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CURBING GRIDLOCK: Peak-Period Fees To Relieve Traffic Congestion do not have to stop at toll booths. Further advances in electronic toll collection, which are being introduced on toll roads in the United States, are making it possible to bill users with minimal intrusion on privacy. The cost of the technology, enforcement, and administration of electronic pricing would total roughly 5 percent of the potential revenues in an areawide application. Metropolitan areas that are failing to meet federal and state air quality mandates face unattractive choices. The many areas unable to meet federal standards for ozone and carbon monoxide are required by the 1990 Clean Air Act Amendments (CAAA) to propose transportation control measures to reduce the total amount of motor vehicle travel. Employers with more than 100 employees in metropolitan areas classified as in severe nonattainment of CAAA ozone standards must submit plans for employee trip reduction programs by 1994 and be in compliance by 1996. An employer trip reduction policy is already in effect in Southern California; Regulation XV of the South Coast Air Quality Management District requires employers with over 100 employees to develop measures that will increase the average occupancy of the vehicles that employees drive to work. The first-year experience with California's Regulation XV indicates that it did boost average vehicle ridership by 3.4 percent, but this resulted in a net decline in regional travel of, at most, 0.4 percent and cost employers in the region about $150 million. The program is not popular with employers because of the cost and reporting requirements. If travel demand management programs such as employee trip reduction are necessary for meeting air quality goals, they would be more effective if combined with a congestion pricing strategy. Congestion pricing may not be popular initially with motorists, but it is more likely to be effective in improving mobility and meeting air quality goals. The funding provided by ISTEA for pilot congestion pricing projects has served as a catalyst for the renewed interest in this policy. The federal government has provided incentives, but local government must take the initiative. Although ISTEA allows for up to five pilot projects between 1991 and 1997, only the proposal from the San Francisco Bay Area was selected in the first round of solicitations in 1993. Many other applications were received, but they were not sufficiently developed to be considered projects that might be implemented or they proposed hybrid projects that the federal review panel rejected. This experience reflects the controversy surrounding congestion pricing proposals, the difficulty in proposing eligible projects that are politically feasible, and the considerable gestation period required to develop support at the local level.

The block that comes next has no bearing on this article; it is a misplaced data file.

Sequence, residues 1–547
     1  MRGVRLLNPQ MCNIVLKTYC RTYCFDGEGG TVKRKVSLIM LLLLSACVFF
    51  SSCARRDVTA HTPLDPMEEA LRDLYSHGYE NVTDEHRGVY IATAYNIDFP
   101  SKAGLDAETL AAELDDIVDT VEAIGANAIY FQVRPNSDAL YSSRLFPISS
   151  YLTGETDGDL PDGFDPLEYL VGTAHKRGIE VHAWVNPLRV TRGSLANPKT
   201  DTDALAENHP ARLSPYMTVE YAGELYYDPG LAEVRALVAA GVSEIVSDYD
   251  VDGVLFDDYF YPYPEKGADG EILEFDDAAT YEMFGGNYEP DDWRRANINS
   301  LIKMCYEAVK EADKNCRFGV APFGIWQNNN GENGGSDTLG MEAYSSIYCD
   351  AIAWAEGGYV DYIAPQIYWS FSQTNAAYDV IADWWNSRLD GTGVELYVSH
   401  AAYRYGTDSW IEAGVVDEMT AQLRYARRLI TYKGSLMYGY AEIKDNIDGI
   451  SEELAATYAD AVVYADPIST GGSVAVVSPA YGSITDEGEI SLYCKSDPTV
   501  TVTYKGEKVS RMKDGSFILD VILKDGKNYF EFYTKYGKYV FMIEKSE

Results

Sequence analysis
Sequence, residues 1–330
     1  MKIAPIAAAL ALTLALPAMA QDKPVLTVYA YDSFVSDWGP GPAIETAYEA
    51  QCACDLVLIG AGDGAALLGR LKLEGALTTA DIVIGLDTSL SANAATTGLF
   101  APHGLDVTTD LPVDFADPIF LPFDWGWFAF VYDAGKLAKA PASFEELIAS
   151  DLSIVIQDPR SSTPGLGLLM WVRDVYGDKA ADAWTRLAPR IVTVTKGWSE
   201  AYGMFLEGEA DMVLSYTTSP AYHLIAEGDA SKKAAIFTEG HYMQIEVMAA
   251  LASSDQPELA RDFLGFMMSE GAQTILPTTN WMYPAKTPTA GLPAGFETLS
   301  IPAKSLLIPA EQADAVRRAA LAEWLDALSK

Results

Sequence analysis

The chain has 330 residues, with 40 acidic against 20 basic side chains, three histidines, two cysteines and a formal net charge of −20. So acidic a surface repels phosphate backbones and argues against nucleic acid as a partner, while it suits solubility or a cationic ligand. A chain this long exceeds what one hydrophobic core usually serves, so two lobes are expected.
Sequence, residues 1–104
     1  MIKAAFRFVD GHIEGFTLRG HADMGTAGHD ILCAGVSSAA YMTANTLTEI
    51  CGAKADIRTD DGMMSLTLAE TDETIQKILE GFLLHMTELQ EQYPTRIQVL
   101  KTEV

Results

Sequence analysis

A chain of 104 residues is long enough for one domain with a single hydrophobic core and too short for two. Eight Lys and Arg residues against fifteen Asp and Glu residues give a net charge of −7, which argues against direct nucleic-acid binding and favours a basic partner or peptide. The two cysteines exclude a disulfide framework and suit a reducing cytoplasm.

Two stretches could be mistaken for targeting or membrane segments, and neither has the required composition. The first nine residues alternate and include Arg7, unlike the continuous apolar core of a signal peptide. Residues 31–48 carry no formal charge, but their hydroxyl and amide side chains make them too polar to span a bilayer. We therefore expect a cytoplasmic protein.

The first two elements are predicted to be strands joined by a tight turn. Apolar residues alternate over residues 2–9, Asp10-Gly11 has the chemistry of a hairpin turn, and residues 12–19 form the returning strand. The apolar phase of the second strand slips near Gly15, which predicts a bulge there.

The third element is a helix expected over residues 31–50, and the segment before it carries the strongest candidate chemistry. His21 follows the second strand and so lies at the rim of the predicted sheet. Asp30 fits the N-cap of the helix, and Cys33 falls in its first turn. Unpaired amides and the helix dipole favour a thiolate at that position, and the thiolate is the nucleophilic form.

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CURBING GRIDLOCK: Peak-Period Fees To Relieve Traffic Congestion Because of the controversy about congestion pricing proposals, careful analyses of how the policy would work at the local level, who would benefit, and how to compensate those disadvantaged by the policy are essential to informing the public deliberations about this policy. The Bay Area proposal benefited by having been subject to extensive modeling efforts to estimate the potential impacts. POSSIBLE EFFECTS Travel Behavior The best available estimates from models, though still approximate, indicate that a $0.06/km ($0.10/mi) charge on all major corridors in the Bay Area and a $0.09/km ($0.15/mi) charge in the greater Los Angeles area would reduce total automobile travel and trips during the peak period by about 10 to 15 percent. The benefits to motorists traveling in congested conditions and willing to pay the fee would be tangible. On average they would save 10 to 15 min per round trip. Society as a whole would gain from the more efficient use of resources. Emissions The travel reductions in the Bay Area and in the greater Los Angeles area would result in about a 3 to 9 percent reduction in different vehicular emissions regionwide. (The local effects on some pollutants, particularly carbon monoxide, would be much greater.) These estimates may appear to indicate a small effect on traffic and regional emissions from areawide congestion pricing. Other policies aimed at changing motorist behavior, however, have even smaller effects at the regional level. A combination of reasonably available demand management efforts such as improved transit services, lower transit fares, improved bicycle access, expansion of high-occupancy-vehicle lanes in the Bay Area, and other measures might approximate the effect that congestion pricing alone would have on trips and emissions, but would do so at a much higher cost. Shifts to Alternative Modes The estimates of the regional effects of congestion pricing are only approximations. Empirical information is not available for some important